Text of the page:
The FDA said today it approved Biotronik’s PK Papyrus covered coronary stent system intended to treat acute coronary artery perforations, touting it as the first such device to win clearance for that indication in 17 years.
Coronary artery perforations can occur during percutaneous coronary intervention procedures and can create life-threatening conditions, the FDA said. In some such perforations, blood can leak through the tear and lead to a collection of blood in the sac surrounding the heart, putting a patient’s life at serious risk.
The newly cleared PK Papyrus is a balloon-expandable covered coronary stent and delivery system which is designed to be advanced into the perforated coronary artery vessel using a balloon catheter to provide a physical barrier to seal the tear and allow blood to flow through the device.
The FDA said it reviewed the PK Papyrus through a humanitarian device exemption. Data supporting the approval included a real-world survey of 80 patients who received the system to treat coronary artery perforations, which indicated that the system was successfully delivered in 95% of patients and resulted in successful seals in 91.3% of the patient population.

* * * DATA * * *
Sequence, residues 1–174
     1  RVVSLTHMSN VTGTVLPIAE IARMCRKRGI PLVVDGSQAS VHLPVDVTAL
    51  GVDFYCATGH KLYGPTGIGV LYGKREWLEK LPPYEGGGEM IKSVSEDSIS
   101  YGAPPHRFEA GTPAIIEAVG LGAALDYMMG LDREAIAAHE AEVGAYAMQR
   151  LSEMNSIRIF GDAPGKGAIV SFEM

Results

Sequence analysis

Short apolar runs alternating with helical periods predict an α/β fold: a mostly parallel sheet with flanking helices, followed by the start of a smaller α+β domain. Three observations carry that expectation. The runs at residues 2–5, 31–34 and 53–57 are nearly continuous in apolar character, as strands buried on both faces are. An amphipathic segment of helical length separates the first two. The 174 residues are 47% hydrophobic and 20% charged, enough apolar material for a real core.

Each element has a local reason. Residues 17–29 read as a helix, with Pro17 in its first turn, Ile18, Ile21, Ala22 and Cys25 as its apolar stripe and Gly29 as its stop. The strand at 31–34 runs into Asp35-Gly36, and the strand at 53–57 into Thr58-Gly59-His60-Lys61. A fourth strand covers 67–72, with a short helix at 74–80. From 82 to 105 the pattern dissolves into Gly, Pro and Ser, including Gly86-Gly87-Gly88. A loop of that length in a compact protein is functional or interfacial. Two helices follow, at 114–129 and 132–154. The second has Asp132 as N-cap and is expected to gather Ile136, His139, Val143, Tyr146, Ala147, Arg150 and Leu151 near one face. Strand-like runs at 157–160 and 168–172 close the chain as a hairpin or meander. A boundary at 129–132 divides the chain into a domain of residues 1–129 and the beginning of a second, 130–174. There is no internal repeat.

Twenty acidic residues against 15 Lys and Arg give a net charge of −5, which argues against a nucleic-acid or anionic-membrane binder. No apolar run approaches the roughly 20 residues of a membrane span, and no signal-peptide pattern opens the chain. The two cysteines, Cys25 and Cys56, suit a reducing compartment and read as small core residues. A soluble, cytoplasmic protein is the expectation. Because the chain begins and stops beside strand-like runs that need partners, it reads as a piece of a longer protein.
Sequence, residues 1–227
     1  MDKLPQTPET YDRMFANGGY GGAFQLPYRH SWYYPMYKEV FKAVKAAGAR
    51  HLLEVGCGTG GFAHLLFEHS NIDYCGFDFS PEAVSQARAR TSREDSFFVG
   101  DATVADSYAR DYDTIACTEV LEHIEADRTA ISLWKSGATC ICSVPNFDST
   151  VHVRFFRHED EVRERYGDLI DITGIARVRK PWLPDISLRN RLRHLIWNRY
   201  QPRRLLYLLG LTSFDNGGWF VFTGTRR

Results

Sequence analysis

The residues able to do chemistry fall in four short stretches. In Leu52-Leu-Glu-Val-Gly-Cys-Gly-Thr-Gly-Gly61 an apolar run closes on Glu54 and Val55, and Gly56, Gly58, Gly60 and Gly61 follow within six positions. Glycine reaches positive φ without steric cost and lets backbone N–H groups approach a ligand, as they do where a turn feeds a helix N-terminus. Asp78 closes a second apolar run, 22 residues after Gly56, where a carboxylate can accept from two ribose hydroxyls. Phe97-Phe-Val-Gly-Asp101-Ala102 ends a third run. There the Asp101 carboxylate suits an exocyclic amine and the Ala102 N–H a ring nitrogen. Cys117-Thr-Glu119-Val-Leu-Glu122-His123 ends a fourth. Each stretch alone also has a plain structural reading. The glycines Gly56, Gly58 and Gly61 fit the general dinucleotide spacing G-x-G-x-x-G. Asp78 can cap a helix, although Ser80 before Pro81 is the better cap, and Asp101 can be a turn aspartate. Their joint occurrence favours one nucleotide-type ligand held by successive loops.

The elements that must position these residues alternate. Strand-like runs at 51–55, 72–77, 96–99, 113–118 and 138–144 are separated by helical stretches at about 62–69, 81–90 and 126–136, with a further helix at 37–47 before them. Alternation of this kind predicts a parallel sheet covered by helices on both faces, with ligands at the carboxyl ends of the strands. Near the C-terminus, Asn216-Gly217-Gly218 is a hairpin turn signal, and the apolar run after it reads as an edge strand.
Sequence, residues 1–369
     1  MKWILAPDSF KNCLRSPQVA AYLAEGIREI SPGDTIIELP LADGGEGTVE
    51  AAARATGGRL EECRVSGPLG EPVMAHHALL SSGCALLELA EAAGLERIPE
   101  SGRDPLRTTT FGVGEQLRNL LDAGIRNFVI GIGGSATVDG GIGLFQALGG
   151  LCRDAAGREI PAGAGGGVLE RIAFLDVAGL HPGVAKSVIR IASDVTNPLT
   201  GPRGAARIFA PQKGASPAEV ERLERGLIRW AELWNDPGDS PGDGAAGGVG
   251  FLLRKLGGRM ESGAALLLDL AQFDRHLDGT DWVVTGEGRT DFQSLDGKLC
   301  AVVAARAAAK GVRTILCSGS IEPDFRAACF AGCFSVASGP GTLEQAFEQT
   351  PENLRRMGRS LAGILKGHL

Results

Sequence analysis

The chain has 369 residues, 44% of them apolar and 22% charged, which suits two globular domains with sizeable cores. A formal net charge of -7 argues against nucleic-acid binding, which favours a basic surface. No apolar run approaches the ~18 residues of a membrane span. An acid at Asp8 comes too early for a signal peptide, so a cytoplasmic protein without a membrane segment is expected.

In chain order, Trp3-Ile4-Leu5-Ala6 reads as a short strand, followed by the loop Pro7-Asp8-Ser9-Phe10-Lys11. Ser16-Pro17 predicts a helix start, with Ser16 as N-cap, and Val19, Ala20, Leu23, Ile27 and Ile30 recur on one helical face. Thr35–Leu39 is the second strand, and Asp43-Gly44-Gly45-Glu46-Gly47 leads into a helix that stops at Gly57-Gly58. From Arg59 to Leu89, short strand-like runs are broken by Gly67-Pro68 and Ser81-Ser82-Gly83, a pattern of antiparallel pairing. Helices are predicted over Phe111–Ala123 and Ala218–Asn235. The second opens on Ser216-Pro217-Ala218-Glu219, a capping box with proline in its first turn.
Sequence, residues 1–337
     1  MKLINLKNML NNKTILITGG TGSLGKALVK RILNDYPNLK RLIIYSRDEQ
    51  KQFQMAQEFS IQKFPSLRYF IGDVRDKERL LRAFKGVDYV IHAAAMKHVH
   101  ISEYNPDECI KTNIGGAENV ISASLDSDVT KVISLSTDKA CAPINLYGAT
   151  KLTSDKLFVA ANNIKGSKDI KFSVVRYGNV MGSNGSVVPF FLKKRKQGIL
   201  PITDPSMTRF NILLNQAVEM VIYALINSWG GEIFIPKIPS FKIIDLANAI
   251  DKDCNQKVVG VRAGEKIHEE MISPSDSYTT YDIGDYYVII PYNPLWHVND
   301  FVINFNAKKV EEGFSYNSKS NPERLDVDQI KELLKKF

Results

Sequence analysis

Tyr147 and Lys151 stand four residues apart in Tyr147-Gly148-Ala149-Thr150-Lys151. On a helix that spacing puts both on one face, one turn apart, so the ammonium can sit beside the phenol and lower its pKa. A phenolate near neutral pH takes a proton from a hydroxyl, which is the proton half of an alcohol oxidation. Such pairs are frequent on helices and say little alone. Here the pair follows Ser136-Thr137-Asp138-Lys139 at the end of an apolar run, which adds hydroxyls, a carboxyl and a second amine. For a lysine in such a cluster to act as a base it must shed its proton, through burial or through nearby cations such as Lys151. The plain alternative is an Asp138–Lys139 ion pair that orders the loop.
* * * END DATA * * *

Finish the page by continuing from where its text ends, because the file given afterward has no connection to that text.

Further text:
Two deaths were reported that occurred during the PCI procedure, and seven patients underwent treatment to drain fluid collection around the heart, the FDA said in its release. A total of five post-procedure, in-hospital deaths were reported in patients with successfully sealed perforations.
The federal watchdog said that the PK Papyrus system is contraindicated for patients not considered candidates for standard PCI procedures, including patients on anti-platelet or anticoagulation therapy, and for patients with known allergies or hypersensitivity to materials in the stent.
Last month, Biotronik said that it won an exclusive U.S. distributorship for InfoBionic’s MoMe Kardia external cardiac diagnostic monitor.